Section 52A [Schedule 1, item 66, subsection 52A(9)] Anti-avoidance provision applying to prescribed property and schemes that take advantage of deductibility. The section applies to non-share equity interests in the same way it applies to shares.
Division 7 of Part III [Schedule 1, item 79, section 102V] Deemed dividends of private companies. Generally, the provisions apply to non-share dividends in the same way they apply to dividends. The exception is section 103A (which deals with the definition of a private company).
Division 7A of Part III [Schedule 1, items 80 and 81, section 109BA] Deemed dividends of private companies. The Division applies to non-share equity interests in private companies in the same way it applies to shares.
Division 16K, Part III [Schedule 1, item 87, section 159GZZZIA] Provides for the tax consequences of share buybacks. The Division applies to non-share equity interests in the same way it applies to shares.
Part IIIAA [Schedule 1, item 93, section 160AOA] Imputation of company tax to shareholders by way of franking credits. Generally the imputation provisions apply to non-share equity interests, equity holders and non-share dividends in the same way as they apply to shares, shareholders and dividends.
Section 177E [Schedule 1, item 103, subsection 177E(2A)] Dividend stripping schemes. The section applies to non-share dividends in the same way it applies to dividends.
Section 177EA [Schedule 1, item 104, subsection 177EA(11A)] Franking credit trading schemes involving the issue of a share and a non-incidental purpose of providing franking benefits. The section applies to schemes involving non-share equity interests in the same way it applies to shares.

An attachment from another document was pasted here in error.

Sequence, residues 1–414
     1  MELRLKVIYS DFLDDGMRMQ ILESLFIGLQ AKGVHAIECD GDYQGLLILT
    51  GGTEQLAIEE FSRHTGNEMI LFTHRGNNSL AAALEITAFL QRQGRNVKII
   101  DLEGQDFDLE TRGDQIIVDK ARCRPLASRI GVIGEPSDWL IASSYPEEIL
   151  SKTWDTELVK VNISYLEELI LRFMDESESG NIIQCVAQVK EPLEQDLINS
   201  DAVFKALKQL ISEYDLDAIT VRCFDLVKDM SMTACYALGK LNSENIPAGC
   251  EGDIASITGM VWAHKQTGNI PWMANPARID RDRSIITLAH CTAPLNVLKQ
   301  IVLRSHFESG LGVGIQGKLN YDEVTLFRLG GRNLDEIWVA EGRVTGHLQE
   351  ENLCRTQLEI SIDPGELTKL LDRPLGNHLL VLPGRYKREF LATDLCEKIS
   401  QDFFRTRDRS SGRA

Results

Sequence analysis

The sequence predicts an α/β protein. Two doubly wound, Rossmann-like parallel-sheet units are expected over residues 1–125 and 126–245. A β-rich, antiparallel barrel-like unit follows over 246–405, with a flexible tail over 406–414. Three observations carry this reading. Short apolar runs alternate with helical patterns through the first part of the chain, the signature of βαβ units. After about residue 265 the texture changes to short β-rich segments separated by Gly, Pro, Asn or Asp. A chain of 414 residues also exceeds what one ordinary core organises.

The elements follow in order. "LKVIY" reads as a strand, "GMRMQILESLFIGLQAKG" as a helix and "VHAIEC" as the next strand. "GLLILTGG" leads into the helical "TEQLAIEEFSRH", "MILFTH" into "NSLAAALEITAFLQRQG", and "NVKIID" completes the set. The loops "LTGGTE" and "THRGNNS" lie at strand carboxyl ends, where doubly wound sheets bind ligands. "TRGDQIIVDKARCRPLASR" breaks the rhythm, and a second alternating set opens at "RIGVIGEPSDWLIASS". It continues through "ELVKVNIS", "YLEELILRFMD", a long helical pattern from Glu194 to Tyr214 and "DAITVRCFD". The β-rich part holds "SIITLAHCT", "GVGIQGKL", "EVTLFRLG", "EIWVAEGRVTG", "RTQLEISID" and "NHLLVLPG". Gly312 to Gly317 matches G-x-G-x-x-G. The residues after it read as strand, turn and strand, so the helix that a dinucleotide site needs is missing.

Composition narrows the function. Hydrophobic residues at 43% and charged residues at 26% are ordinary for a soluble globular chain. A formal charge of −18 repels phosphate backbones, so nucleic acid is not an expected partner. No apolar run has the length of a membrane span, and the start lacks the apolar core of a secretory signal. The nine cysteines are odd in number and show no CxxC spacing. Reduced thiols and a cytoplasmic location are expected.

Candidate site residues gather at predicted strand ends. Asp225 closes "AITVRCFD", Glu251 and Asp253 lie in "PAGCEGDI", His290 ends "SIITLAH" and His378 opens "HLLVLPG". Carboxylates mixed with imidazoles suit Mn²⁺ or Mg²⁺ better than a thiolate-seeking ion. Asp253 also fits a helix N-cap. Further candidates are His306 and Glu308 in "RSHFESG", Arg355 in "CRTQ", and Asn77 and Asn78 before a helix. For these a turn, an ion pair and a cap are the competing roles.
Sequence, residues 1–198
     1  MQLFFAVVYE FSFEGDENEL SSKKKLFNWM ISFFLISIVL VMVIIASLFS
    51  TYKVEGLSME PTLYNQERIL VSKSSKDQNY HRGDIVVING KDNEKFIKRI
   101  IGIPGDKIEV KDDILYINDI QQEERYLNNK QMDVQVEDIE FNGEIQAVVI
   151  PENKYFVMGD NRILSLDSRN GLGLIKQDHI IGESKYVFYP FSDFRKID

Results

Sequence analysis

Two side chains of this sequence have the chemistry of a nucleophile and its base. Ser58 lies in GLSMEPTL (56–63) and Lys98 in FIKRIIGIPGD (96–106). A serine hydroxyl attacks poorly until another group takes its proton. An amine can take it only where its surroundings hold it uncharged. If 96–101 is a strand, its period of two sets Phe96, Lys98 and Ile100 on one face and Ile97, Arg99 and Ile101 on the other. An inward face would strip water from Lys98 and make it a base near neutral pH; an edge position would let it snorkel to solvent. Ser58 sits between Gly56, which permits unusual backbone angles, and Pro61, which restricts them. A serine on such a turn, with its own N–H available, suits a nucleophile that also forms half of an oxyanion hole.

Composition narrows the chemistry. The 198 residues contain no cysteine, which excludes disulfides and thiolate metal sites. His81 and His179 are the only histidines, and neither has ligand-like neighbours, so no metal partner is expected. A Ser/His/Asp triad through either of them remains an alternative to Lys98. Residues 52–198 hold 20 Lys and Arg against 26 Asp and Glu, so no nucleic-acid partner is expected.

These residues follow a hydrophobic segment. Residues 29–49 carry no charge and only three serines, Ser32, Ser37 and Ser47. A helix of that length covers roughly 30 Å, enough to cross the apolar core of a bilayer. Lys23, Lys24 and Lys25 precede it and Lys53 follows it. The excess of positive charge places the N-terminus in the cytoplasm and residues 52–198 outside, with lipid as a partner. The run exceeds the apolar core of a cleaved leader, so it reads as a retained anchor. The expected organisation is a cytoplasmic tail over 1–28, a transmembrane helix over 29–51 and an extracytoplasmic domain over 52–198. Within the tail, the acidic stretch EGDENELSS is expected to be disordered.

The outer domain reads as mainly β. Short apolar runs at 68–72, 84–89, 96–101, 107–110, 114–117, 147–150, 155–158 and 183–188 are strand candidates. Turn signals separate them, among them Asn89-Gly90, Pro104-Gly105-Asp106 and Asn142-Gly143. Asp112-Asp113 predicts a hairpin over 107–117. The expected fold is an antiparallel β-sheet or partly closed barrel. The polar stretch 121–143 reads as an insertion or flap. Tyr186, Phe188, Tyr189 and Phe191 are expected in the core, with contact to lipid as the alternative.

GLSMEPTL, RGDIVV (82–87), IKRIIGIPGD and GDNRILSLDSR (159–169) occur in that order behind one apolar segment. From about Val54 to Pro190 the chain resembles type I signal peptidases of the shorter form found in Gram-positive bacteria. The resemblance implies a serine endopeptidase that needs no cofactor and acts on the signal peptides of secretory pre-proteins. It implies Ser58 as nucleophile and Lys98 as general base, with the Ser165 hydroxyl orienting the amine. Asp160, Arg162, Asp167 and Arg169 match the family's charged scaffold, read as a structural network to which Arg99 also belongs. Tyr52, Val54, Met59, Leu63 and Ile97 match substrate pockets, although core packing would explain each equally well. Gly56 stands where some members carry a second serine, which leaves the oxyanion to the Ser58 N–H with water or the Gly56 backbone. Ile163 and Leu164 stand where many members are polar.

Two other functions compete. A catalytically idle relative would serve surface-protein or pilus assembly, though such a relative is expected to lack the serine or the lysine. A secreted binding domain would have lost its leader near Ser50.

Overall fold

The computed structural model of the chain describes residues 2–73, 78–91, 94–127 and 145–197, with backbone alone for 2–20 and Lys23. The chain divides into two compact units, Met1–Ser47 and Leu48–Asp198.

Section 202D [Schedule 1, item 106, subsection 202D(1A)] Lists the Part VA investments for which a quotation of tax file number is required. This includes shares in a company. The section applies to non-share equity interests and equity holders in the same way it applies to shares and shareholders.
Division 3B of Part VI [Schedule 1, item 107, section 221YHZAA] Deals with the collection of tax in respect of certain payments. The Division applies to non-share equity interests in the same way it applies to shares.
Division 4 of Part VI [Schedule 1, item 108, section 221YJA] Deals with the collection of withholding tax. The Division applies to non-share dividends in the same way it applies to dividends.
Section 273 [Schedule 1, item 110, subsection 273(9)] Excludes certain classes of income (special income) from concessional treatment in respect of superannuation. The section applies to non-share equity interests, equity holders, and non-share dividends in the same way it applies to shares, shareholders and dividends.
Section 245-25 in Schedule 2C [Schedule 1, item 114, subsection 245-25(4) in Schedule 2C] Determines what constitutes a commercial debt. The section applies so that a non-equity share issued by a company to the shareholder may be a commercial debt.